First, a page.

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16 Ways to Have a Better Relationship with Food

I’ve been thinking a lot about my relationship with food lately. A few years ago, I struggled with an eating disorder. I existed within a vicious cycle of restricting, binging, purging, and overexercising to exhaustion. At my lowest point, I went to therapy and did group sessions with other young women who also struggled with their body image. After going to therapy and doing a lot of work on myself, I beat my eating disorder and I am in a much better place now. Not every day is easy, but I can finally say that I have a positive outlook on my body, and I am so proud of how far I’ve come.

As I focused on getting better, one of the most important changes I made was how I thought about food. Whether you’re struggling with an eating disorder like I did, or you’re trying to lose or gain weight, or you just flat out want to eat healthier, it’s important to consider your relationship with food and how you can improve it.

To me, it’s not so much about eating one thing over the other, or eating less or more of something. Having a positive relationship with food is about fueling your body with the nutrients it needs and maintaining your physical and mental health by eating.

What does this mean? It means that we should make nutritious choices when we can, but it also means that we let ourselves indulge in a slice of cake without feeling guilty. Balance and moderation are key.

Since I’ve improved my relationship with food, I feel way better about my body. I want to share some ways you can do the same.



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Here are 16 ways you can improve your relationship with food:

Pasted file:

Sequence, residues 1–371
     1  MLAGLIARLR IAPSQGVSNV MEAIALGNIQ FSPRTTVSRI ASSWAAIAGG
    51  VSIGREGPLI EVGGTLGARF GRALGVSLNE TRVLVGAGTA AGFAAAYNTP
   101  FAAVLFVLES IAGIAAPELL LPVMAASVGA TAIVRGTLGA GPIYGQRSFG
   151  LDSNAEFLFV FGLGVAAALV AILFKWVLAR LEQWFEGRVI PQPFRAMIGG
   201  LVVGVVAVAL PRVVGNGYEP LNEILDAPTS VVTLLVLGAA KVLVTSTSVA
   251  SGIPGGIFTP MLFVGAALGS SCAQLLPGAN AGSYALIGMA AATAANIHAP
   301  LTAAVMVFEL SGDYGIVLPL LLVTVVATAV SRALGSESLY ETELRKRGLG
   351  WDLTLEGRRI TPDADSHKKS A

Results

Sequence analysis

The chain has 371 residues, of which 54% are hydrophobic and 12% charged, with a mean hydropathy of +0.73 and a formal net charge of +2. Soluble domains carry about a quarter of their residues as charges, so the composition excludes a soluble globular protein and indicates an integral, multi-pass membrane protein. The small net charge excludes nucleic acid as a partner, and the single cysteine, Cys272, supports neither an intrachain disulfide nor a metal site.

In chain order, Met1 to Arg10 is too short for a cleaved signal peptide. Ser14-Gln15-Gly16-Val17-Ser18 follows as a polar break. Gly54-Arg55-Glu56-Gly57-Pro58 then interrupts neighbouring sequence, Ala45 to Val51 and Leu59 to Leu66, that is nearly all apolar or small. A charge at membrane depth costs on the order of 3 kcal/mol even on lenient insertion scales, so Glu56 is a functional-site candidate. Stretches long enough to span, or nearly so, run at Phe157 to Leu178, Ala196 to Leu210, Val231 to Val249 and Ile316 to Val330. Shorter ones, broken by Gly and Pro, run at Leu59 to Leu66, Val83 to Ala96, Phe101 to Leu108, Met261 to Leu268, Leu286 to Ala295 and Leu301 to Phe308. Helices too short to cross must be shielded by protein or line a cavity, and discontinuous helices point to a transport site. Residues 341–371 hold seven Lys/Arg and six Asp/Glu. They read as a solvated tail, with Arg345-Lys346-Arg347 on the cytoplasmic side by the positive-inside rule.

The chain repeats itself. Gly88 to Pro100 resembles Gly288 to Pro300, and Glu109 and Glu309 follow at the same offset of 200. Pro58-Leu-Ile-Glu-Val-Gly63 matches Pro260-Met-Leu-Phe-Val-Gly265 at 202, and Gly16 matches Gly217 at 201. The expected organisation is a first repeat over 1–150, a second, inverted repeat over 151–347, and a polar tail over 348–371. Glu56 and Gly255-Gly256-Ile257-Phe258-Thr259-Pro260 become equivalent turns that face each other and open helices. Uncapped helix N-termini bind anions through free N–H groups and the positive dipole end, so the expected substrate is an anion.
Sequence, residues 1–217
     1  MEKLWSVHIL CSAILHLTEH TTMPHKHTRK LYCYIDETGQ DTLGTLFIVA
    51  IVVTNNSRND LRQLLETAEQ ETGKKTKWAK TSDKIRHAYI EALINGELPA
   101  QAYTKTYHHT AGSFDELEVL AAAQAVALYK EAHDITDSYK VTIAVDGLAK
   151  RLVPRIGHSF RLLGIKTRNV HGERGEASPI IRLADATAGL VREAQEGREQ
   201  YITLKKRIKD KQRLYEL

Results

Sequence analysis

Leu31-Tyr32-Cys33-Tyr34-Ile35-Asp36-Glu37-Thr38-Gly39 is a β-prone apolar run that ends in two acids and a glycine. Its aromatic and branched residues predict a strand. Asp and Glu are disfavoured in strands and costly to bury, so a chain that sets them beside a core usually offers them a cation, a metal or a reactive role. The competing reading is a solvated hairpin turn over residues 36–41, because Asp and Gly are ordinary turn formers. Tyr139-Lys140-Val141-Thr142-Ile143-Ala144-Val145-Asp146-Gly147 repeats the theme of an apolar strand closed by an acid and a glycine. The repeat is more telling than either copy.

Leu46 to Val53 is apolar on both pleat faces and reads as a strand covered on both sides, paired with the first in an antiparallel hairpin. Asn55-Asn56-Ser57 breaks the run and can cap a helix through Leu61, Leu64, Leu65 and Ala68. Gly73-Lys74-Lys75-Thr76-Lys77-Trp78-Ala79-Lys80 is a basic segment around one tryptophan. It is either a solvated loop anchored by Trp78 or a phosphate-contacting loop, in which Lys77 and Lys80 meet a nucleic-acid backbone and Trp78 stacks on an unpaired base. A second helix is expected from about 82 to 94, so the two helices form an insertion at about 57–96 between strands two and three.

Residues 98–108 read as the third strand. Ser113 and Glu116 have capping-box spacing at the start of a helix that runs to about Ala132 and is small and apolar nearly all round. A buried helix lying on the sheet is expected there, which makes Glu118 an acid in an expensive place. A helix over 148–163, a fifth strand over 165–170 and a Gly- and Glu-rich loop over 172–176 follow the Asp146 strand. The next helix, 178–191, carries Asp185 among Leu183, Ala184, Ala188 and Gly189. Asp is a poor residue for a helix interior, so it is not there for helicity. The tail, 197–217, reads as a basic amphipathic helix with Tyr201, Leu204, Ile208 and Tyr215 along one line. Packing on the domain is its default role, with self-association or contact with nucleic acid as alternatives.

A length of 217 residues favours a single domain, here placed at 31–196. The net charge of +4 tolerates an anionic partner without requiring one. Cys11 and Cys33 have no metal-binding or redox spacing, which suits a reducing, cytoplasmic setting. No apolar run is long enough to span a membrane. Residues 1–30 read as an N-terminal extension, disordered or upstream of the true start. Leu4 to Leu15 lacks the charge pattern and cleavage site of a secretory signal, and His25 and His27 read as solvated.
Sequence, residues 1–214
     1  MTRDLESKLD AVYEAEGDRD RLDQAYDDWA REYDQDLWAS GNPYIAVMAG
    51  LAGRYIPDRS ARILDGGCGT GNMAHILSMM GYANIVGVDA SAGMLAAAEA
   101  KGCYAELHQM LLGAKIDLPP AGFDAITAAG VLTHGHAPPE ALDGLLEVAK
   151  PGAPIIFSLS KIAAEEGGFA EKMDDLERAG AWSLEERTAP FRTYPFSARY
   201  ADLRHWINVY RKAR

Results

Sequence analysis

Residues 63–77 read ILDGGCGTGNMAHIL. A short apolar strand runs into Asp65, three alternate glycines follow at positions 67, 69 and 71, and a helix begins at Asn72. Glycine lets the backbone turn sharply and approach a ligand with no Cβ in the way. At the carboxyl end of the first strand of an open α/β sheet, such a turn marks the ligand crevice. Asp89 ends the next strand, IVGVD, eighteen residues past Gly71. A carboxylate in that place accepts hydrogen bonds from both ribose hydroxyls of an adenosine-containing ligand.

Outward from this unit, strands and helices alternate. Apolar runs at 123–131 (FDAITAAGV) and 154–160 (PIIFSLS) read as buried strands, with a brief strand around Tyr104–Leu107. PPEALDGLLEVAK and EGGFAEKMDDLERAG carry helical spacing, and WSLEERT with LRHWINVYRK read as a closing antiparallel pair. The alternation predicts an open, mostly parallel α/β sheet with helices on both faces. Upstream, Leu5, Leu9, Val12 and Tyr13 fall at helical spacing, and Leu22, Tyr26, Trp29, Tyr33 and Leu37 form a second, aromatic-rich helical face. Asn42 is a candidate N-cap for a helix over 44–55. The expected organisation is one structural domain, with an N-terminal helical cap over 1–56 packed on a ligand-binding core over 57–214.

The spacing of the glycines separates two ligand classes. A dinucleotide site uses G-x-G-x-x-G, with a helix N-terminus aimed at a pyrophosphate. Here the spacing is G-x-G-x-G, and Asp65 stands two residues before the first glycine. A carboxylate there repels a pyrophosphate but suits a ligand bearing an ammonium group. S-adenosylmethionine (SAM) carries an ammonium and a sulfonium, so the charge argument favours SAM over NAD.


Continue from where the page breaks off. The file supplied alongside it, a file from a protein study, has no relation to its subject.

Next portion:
1. Avoid counting calories.

I understand why people who want to gain or lose weight count calories. It’s to make sure they are eating the correct number of calories per day to achieve the results they want. However, I don’t think counting calories is always good for mental health. When I was struggling with my eating disorder, I tracked my calories obsessively, and it took a toll on me. I equated my self-worth to a number, and that wasn’t good for my mental health. If counting calories helps you, I’m not telling you to quit. I just don’t think it’s beneficial for everyone.

2. Eat 4-6 small meals every day.

When you eat more frequently, you’re less likely to overeat, and you can also consume a wider variety of food to fuel your body with the nutrients it needs.

3. Try to cook at least one meal per day.

By cooking frequently, you can be more aware of the ingredients that go into your food. You will have more control over what you put in your body.

4. Learn a new recipe every week.

Try to view cooking as being exciting and fun. If you attempt a new recipe every week, you’ll have the opportunity to explore different food options. Who knows, you might just discover a new favorite meal!

5. Try to limit your consumption of refined sugar.

When I consume refined (or processed) sugar often, I feel sluggish. Consuming too much sugar can have a profound impact on your mood and overall wellbeing. Try to substitute processed sugars with fruit when you can.

6. Allow yourself to indulge every once in a while.

Don’t make yourself feel guilty if you want to indulge in a slice of pizza or a sweet treat. Having a positive relationship with food means enjoying the food you eat. As long as you eat a balanced diet most of the time, you can still enjoy the “unhealthy” foods you love.